By Brenna R. Kelly
The Cincinnati Enquirer
UNION - Ginny Kohl and her friends were not popular in Boone County in the fall of 1973.
When the young mother walked down the street in Florence, certain people she passed "wouldn't speak to me," said Kohl, now a retired school teacher.
Her transgression? Wanting a public library for her 4-year-old son.
"We were very unpopular," Kohl said of herself and a group of Boone County residents who lobbied for a tax to establish a library system when most politicians were pushing for a new county jail.
But the library tax passed.
Now, decades later, the Boone County Library has grown to four branches, 275,000 items and 45,000 active borrowers in a county of 93,000 people.
"It was all well worth it," said Kohl, whose 4-year-old grandchildren now use the library.
This year the Boone County Public Library will celebrate its 30th anniversary. The first library opened in a renovated feed store on Girard Street almost a year after the tax passed.
Jane Smith, then 23, became the first librarian with 8,000 books in the 200-square-foot space. In the old building, running a copier and projector at the same time blew a fuse, and wires hung from the walls of Smith's office.
"If we didn't leave the bathroom door open the heat wouldn't get in and the toilet would freeze," said Smith, who is now director of technical services at the library system in the much nicer Scheben Branch in Union.
Smith, who earned a master's degree in library science from the University of Kentucky, learned about the Boone job when she attended the county fair with her husband, a Boone County native.
She stayed because she could grow with the library.
"There's no reason to go to another library for a better position or more excitement," said Smith, now 53. "There's always constant change."
The library grew to four branches in 26 years. It now has a staff of 88.
The first permanent branch in Florence opened in 1976 on U.S. 42. Then when the library was looking to expand, R.V. Lents, a retired Boone County school teacher, died and left the library $800,000. That allowed the library to build the 6,000-square-foot Lents branch in Hebron in 1989.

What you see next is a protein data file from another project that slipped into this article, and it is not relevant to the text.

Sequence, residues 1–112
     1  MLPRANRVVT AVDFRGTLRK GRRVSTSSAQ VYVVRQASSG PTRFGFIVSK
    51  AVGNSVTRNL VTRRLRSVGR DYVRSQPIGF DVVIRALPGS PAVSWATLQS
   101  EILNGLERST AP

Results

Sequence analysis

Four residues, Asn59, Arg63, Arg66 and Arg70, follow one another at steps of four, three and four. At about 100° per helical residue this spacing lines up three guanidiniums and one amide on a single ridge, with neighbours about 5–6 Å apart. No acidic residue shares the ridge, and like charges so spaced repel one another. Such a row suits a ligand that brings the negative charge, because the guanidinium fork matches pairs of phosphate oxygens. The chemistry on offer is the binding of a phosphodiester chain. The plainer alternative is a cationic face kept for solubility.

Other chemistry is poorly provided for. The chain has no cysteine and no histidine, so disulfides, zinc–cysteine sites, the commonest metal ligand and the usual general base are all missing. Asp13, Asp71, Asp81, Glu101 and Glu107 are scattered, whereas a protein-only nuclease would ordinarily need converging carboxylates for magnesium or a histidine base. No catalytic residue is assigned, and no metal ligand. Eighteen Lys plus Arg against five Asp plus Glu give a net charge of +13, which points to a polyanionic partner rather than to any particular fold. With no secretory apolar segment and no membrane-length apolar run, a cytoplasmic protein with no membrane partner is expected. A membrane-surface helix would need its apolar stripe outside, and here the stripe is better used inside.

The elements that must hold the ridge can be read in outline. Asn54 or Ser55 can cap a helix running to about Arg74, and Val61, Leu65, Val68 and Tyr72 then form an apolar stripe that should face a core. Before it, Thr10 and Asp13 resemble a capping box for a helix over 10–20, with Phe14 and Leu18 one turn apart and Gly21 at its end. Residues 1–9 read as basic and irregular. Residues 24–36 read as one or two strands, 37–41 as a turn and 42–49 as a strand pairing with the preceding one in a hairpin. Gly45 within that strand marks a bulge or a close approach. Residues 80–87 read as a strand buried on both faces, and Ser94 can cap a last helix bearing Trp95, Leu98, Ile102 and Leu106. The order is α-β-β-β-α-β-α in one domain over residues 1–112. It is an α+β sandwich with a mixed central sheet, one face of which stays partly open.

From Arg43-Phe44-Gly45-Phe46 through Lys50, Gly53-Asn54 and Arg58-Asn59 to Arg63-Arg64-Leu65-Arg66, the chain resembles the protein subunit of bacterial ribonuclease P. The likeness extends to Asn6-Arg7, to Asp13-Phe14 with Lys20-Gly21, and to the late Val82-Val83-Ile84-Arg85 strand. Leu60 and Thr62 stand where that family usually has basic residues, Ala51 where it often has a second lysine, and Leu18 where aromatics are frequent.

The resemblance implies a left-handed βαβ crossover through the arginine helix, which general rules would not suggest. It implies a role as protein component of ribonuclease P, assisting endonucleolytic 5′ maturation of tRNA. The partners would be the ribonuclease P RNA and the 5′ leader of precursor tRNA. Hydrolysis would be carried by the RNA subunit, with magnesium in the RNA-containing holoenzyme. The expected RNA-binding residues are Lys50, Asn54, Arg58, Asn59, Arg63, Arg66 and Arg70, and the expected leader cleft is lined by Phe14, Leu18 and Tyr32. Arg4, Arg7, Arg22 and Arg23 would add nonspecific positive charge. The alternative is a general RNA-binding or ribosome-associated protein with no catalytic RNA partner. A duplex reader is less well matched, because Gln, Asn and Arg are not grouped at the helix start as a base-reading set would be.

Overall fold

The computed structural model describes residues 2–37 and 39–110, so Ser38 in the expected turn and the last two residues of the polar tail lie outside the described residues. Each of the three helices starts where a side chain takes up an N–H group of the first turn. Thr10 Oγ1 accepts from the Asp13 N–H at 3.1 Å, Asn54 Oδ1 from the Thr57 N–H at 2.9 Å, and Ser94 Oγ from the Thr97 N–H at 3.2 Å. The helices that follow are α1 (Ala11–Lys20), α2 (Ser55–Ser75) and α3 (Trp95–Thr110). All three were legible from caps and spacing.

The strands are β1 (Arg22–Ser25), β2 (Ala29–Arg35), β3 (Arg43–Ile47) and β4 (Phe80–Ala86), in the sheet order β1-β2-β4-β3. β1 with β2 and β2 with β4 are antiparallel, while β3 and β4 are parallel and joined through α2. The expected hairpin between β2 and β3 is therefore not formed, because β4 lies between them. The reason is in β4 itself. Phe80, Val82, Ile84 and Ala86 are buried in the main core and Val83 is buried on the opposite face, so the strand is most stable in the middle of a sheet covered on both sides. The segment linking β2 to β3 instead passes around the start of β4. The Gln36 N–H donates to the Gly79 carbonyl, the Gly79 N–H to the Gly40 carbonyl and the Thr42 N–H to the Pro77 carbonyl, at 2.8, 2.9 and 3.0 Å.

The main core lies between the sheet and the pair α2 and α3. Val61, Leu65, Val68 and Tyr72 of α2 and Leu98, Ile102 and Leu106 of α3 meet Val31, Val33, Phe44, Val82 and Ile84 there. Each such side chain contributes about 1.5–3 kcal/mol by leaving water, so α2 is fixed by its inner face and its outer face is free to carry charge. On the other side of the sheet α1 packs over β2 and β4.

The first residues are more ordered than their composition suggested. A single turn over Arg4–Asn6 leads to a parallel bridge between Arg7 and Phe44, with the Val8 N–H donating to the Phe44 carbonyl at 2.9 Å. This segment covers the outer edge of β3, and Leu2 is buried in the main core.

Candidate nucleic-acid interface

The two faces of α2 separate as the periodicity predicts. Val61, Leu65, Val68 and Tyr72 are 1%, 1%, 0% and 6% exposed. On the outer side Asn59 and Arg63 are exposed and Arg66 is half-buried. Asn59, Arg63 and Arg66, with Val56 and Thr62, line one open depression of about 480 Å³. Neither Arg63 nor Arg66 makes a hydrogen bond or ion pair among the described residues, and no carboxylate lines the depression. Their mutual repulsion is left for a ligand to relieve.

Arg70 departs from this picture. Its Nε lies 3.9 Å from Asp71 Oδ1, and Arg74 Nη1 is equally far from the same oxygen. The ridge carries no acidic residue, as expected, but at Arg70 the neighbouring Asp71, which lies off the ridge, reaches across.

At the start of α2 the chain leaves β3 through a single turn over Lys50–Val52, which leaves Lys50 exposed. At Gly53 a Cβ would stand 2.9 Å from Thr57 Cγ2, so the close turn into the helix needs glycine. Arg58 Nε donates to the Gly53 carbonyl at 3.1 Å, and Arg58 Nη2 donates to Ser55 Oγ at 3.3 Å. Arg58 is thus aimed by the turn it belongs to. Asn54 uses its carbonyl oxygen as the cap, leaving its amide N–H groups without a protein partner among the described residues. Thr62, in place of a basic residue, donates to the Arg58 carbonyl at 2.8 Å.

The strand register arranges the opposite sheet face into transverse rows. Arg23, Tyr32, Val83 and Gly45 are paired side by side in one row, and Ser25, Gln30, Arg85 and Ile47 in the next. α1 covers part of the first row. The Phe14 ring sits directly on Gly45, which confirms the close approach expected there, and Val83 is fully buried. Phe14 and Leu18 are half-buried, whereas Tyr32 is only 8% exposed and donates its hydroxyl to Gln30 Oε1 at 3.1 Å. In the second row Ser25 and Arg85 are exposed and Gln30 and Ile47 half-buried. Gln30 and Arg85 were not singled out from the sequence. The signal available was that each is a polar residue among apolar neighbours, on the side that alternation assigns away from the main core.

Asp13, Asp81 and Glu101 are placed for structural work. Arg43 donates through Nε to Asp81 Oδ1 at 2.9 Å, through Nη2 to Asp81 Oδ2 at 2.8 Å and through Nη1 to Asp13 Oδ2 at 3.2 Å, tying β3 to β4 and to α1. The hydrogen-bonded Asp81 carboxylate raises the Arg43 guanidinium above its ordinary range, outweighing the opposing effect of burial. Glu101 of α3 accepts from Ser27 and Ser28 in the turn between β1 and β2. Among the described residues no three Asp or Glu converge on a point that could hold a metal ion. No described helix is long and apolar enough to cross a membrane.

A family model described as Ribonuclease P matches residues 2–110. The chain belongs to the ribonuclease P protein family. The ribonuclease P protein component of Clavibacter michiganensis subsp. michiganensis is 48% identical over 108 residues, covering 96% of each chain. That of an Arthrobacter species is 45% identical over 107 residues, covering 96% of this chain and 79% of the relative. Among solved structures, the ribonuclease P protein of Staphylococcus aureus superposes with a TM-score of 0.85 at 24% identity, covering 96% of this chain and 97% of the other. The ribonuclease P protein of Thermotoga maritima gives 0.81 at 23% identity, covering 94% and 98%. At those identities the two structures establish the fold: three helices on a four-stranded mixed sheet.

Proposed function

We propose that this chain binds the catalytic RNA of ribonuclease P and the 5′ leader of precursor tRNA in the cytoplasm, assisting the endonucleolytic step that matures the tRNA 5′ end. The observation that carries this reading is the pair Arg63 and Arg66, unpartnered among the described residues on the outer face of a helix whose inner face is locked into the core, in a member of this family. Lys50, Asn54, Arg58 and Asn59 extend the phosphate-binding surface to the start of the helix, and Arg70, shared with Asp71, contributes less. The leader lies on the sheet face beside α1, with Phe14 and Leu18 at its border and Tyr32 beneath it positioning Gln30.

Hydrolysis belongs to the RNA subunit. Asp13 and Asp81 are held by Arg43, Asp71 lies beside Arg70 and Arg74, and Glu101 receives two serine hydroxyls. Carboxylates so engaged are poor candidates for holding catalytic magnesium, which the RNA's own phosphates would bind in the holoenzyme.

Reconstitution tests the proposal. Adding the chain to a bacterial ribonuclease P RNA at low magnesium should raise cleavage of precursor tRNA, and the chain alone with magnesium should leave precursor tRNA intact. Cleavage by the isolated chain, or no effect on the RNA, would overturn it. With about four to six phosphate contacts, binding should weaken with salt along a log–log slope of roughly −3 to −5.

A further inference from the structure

"When we built Lents there was nothing out there. People said, 'Are you crazy?' " said Library Director Lucinda Brown.
Now, because of the growth in the Hebron area, the library wants to replace the Lents Branch with a 25,000- to 30,000-square-foot library, Brown said.
"We hope to open a new facility by early 2006," she said.
The third branch opened in 1994 in Walton and the fourth, a 35,000 square-foot building in Union on U.S. 42, opened in 2000. It also houses the library's administrative offices.
Today about 48 percent of Boone County residents are active library borrowers.
But in 1973, when the library was put to a vote, not many voters wanted a library, said Ted Bushelman, a Florence city councilmen who served on the library board for 27 years.
"I think Boone County was looked at as kind of a farm community. Most people passed by Kenton County, so if they needed something, they went to the Kenton County library," Bushelman said.
He got involved in the library campaign when the group of women trying to pass the tax asked him for some public-relations ideas. He came to a meeting, was quickly nominated chairman, seconded and elected in a matter of minutes.
"You could tell it was planned right from the get go," he said.
Friends told Bushelman he was wasting his time, that the jail tax would pass and the library would fail.
"But they didn't know the secret weapon that I got," he said.
That weapon, he said, was organized women who spoke to churches, mailed fliers and were determined.
"It was women power that passed the library," he said.
Boone County Library timeline
Nov. 6, 1973: Boone County voters pass a library tax.
Oct. 14, 1974: First library opens in an old feed store in Florence.
June 20, 1976: Florence Branch on U.S. 42 opens.
April 23, 1989: Lents Branch in Hebron opens.
June 25, 1994: Walton Branch opens.
March 4, 2000: Scheben Branch in Union opens.
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